I’M rarely angry (or I’m very good at hiding it), but listening to a radio interview recently I felt the sort of anger that, if I were a violent person, might have left me with a bloody, broken hand and glowering at a smugly unblemished wall. The reason I was so angry?
The man being interviewed was a bishop who claimed he could cure HIV/AIDS. But of course his holy service is not free. His followers have to pay up to R15 for his miracle cure, which comes in the form of a bottle of water.
Now, we’re not short on quacks, charlatans, fake healers and snake oil merchants in this country. Walk into town and you’re bound to be assailed by flyers offering everything from miracle cancer cures to nocturnal visits from money-bearing rats. Most of us (hopefully) realise all that stuff is nonsense and is best taken as comedic relief.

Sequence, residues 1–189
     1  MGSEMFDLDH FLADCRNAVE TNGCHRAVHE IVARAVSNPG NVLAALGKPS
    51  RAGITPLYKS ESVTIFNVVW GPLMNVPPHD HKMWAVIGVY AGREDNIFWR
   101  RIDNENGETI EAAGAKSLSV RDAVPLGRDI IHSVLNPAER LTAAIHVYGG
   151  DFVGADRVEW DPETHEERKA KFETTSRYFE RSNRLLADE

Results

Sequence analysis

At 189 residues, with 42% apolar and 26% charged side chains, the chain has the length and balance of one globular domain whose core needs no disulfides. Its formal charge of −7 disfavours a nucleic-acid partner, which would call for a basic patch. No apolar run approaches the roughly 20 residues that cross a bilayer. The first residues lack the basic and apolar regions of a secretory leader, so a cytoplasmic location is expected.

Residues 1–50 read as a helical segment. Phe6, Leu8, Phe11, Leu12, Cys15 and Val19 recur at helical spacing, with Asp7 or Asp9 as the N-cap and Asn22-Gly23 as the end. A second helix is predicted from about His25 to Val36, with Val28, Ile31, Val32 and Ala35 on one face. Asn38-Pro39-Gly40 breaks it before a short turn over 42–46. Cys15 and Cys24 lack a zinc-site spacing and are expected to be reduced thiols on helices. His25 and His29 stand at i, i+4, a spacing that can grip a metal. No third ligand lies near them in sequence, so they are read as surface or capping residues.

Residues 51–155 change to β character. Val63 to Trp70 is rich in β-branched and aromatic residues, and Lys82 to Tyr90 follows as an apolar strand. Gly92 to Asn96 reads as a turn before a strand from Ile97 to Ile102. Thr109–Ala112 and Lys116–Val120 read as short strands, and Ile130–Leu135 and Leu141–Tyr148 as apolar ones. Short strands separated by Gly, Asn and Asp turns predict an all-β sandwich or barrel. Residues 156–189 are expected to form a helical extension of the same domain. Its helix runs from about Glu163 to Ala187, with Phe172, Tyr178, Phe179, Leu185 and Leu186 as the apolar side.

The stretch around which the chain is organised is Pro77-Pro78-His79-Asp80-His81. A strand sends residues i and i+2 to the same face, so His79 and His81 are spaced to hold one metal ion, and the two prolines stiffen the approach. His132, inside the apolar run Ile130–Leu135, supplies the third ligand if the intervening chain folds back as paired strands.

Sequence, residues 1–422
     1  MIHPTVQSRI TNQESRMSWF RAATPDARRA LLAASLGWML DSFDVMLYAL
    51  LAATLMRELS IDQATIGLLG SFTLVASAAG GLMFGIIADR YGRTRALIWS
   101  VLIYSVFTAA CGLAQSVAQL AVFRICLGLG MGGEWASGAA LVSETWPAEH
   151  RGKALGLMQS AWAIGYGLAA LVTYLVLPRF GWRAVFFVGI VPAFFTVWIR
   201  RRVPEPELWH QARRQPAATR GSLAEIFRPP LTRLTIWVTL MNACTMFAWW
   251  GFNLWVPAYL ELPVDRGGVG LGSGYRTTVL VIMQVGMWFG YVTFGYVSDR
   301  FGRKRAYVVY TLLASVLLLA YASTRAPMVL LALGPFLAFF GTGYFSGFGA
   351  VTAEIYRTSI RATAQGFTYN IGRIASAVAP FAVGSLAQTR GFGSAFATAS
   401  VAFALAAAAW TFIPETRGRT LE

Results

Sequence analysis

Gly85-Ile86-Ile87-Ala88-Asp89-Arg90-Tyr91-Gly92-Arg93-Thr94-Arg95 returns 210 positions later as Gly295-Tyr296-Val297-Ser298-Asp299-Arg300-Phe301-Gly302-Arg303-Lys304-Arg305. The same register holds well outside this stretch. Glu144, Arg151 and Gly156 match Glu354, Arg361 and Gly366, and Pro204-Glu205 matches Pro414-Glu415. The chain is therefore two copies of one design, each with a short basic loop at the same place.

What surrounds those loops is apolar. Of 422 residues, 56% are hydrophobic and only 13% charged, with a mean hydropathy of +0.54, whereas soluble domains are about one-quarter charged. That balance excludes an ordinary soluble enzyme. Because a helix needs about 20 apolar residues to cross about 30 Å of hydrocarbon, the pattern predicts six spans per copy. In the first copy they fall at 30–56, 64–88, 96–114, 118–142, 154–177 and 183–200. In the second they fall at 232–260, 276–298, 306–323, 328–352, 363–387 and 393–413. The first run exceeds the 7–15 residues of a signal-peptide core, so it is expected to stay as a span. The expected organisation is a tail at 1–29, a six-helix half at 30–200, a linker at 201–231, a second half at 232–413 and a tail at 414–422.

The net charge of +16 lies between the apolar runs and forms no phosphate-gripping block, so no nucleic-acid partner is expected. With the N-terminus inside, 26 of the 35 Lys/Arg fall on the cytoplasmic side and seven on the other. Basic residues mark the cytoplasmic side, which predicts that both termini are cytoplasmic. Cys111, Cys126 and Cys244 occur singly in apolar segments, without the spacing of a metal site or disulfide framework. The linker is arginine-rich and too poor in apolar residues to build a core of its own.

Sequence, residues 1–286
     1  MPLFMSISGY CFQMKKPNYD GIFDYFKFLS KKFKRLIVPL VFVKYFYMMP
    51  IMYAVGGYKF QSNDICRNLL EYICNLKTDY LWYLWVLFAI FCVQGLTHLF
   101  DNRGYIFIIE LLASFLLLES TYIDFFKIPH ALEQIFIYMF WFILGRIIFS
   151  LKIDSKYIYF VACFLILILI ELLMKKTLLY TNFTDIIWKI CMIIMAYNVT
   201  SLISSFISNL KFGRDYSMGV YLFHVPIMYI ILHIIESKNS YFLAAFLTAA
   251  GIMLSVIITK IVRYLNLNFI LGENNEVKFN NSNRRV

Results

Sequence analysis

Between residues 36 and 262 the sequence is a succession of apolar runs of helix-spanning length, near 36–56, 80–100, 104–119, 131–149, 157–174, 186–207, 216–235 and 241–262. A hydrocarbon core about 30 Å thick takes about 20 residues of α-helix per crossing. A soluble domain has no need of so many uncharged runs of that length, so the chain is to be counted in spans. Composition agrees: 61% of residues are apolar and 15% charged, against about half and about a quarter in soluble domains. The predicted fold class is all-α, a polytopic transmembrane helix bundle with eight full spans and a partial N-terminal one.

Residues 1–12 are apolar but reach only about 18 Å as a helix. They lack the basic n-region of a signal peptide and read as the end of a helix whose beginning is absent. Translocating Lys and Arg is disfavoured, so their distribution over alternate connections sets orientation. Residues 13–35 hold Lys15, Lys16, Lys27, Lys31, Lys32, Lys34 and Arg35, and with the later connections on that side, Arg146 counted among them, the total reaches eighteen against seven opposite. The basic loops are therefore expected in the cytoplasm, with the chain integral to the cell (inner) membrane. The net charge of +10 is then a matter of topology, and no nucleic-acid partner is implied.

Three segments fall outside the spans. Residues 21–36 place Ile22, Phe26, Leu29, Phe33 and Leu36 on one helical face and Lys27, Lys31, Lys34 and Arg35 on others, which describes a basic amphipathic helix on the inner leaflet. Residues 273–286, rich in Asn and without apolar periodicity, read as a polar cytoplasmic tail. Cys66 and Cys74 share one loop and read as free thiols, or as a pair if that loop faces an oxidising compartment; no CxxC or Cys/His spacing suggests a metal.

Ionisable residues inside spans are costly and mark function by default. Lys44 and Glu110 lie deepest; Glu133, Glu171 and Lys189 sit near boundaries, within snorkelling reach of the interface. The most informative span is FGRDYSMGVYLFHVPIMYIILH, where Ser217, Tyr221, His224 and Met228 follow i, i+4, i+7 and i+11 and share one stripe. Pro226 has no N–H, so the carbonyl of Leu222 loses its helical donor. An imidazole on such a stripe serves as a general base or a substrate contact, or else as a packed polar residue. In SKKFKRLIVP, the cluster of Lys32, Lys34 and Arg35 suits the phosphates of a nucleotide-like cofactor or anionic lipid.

But we also live in a country with many desperate people in search of a miracle, and it’s blood in the water for those quacks, charlatans, fake healers and snake oil merchants. Someone who claims to have a cure for a disease which has caused physical and emotional devastation to millions of South Africans is playing with people’s lives.
It is a known fact that our country has the highest incidence of HIV infection in the world and that we have one of the largest antiretroviral (ARV) treatment programmes. In villages, towns, cities, townships and farms, people are confronted by the reality of HIV every day. Hospital wards are filled with people seeking help as the virus lays waste to their bodies.
Every day people watch as friends and relatives wither to skin and bone. And every day there are people coming back from the clutches of death to regain their health as a result of ARV treatment. Today, almost 30 years after the virus was discovered, scientists tell us that there is no cure.
While ongoing research shows signs of a breakthrough in prevention, its too early to tell if a cure is in sight. In the meantime, the trend towards irresponsible claims of faith healing and away from proven treatments for AIDS related illnesses runs the risk of compromising the individual health of people living with HIV—in particular those on the economic margins —while also undermining efforts to expand access to effective treatment to those who need it.